REVIEWED: KNIGHT AND DAY

Knight and Day

Cruise and Diaz's parlance powers this Summer actioner.

2010 has been a year especially fraught with rom-com stinker after rom-com stinker, and when guns have been thrown into the mix, it has only seemed to make things worse – i.e. the dreadful Killers. Knight and Day, which plays like a turbo-charged, technologically advanced Hitchcock film, is a surprisingly potent mix of romance and carnage, milking its expensive and beauteous co-stars for all they’re worth.

Within moments of the lights going down, Roy Miller (Tom Cruise) bumps into June Havens (Cameron Diaz) in an airport. They don’t know each other – yet – but they realise they’re on the same flight, and so quickly become well-acquainted through a combination of mutual attraction and, well, gunfire. After takeoff, June returns from the airplane bathroom to find that Miller has disposed of everyone on the plane, including the pilots. He claims to be a secret agent being framed up by the FBI, while shady bureau G-Man Agent Fitzgerald (Peter Saarsgard) pursues him. Caught between the two, June must decide whether Miller is telling the truth or, as Fitzgerald claims, he has had a full-blown, Vanilla Sky-esque break with reality.

Director James Mangold is aware at seemingly all times that his big-budget spy pic is thoroughly ludicrous, perhaps even hokey. However, given his previous triumphs – immaculate Johnny Cash biopic Walk the Line, and stellar western remake 3:10 to Yuma – it is clear that Mangold is a man well-versed in genre, and he knows how to make them work. In the action/adventure/rom-com subset, he finds himself another, albeit lesser, success in Knight and Day.

Day succeeds for two chief reasons – casting and pacing. Cruise and Diaz are an exceptionally matched pair, rallying dialogue off of one another like players on centre court, anticipating each other’s moves and performing in a wonderfully symbiotic synchronicity. Such is the strength of this partnership that the film’s slight demeanour isn’t only irrelevant, yet something of a cause for celebration. The mystery plot, though fairly involved, isn’t given a touch as much consideration as the myriad ways in which to generate sexual tension between the leads and, of course, the requisite means of blowing lots of stuff up.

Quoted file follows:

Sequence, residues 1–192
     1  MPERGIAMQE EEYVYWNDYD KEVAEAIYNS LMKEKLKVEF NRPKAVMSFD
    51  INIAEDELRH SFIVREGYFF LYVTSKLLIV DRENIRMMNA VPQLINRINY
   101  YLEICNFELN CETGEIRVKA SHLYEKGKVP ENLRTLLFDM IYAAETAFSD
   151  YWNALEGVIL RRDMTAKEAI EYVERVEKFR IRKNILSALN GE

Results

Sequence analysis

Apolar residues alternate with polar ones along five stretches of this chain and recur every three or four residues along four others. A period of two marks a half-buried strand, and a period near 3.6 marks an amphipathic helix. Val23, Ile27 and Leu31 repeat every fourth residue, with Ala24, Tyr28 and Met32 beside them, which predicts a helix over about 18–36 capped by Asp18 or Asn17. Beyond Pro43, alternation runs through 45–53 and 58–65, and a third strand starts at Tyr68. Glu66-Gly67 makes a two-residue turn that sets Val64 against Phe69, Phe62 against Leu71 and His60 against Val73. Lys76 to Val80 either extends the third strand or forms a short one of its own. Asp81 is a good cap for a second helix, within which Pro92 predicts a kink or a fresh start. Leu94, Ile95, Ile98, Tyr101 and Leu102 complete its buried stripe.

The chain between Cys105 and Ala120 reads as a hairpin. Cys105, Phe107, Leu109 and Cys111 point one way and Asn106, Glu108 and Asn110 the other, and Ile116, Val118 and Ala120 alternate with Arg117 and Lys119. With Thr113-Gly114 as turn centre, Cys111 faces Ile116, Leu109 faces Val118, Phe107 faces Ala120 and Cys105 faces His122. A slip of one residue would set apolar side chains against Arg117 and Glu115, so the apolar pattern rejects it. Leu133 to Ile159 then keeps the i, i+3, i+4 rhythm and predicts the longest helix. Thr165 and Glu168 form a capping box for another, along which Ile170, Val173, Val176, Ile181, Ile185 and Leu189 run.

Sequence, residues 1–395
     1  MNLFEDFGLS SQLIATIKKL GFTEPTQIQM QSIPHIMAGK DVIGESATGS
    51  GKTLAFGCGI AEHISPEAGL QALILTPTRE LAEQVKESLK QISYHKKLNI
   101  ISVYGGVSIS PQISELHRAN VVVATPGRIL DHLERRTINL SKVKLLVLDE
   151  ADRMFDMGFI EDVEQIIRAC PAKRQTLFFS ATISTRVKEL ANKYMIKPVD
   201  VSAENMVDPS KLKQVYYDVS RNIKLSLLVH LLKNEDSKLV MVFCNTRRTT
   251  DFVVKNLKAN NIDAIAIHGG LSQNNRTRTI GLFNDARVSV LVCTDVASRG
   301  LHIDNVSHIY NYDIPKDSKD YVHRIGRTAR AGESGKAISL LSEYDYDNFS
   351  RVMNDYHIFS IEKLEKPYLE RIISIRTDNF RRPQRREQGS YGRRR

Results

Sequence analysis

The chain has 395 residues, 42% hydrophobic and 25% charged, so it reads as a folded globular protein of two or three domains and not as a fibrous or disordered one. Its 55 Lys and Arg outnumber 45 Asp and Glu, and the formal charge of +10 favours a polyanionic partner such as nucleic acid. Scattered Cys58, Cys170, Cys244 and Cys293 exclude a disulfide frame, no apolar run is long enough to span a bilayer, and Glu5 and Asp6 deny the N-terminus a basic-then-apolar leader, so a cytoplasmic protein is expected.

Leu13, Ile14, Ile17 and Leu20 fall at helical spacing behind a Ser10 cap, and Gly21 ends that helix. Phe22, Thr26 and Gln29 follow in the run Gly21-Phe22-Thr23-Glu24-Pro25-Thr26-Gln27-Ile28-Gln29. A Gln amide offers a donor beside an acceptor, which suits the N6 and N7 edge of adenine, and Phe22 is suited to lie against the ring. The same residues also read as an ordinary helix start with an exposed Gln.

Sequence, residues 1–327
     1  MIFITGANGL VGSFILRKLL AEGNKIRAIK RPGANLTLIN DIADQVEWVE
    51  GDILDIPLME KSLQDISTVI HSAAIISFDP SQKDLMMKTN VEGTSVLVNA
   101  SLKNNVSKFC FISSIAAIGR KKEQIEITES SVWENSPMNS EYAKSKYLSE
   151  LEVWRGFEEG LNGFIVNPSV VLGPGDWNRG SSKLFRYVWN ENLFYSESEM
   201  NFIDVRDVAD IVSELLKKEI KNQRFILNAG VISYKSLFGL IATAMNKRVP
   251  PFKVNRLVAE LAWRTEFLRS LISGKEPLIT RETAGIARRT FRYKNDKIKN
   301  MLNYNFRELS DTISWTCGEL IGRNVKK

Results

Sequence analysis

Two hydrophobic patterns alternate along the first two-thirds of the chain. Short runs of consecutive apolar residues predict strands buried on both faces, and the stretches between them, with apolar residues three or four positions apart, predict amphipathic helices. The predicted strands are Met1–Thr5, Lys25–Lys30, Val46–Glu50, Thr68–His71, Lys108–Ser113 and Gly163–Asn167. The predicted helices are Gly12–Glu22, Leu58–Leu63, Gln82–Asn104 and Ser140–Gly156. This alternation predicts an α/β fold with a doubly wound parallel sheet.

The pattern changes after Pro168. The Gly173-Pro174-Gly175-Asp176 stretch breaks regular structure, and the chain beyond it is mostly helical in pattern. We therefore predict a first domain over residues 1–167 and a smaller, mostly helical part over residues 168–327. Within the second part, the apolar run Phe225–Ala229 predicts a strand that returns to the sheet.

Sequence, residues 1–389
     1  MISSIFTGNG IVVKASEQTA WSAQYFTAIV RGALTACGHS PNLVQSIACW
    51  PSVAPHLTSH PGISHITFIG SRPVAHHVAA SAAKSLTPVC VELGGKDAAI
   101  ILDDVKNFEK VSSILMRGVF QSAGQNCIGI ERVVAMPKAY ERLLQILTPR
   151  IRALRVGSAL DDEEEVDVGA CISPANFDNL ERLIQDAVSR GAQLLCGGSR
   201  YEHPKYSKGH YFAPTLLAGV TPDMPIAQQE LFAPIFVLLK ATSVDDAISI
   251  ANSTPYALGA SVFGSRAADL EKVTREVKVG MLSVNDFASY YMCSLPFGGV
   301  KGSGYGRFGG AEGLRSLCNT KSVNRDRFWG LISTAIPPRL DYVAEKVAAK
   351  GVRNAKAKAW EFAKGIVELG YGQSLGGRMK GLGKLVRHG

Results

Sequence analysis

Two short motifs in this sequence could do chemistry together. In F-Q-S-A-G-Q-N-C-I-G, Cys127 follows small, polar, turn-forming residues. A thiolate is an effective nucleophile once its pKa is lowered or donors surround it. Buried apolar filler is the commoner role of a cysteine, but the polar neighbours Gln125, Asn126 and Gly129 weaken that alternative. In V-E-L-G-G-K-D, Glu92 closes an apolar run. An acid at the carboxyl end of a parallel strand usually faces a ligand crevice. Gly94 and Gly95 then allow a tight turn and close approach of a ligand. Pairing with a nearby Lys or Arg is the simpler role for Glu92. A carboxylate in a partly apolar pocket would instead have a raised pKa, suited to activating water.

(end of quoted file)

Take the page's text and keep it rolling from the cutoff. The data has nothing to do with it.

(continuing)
From that early moment when Cruise begins incapacitating various agents on his plane, Knight and Day speeds off and never really stops for respite. The action is slick, fast-paced and gorgeously shot by Mangold, and while, yes, there is a lot of CGI here, there’s also plenty of organic stunt work, achieving a good balance between the two. In a sandwich structure of action-exposition-action, you certainly won’t be bored.

One oddity abounds, though; for a light, 12A-rated romantic comedy adventure film, the action is oddly, sometimes alienatingly brutal. Cruise slams assailants’ heads into overhead baggage compartments with sharp force, a resounding, reverberating thud emanating as a result. Though a lot of the action is silly, the close-combat stuff has a Bourne-like authenticity to it that is quite vexing and possibly too eschewed for audiences expecting the bloodless, amoral violence of a cartoon. One particular scene, in which a baddie is stabbed through the chest with a knife before pulling it out, as Diaz screams, “Why won’t you die!?”, is oddly, darkly comic in a film most often filled with agreeably broad, witty banter-based jibes.

Still, there’s an irresistible confidence to the whole thing; the plot may as well be a Macguffin that conveniently shows up as a segue for the explosions and sexiness. Diaz – safe for her career-making entrance scene in The Mask – has never looked better than in her red bikini here, while Cruise evidently hasn’t let himself go either. It is refreshing to find cheeky sexual wordplay that actually works in a sea of The Bounty Hunters and The Back Up Plans, and Knight and Day certainly cannot be faulted in that esteem. The narrative is slight and dappy, but it is as it needs to be; everyone on-board is on the same page, resulting in a snappy, unpretentious thrill-ride that’s tailor-made for Summer audiences.

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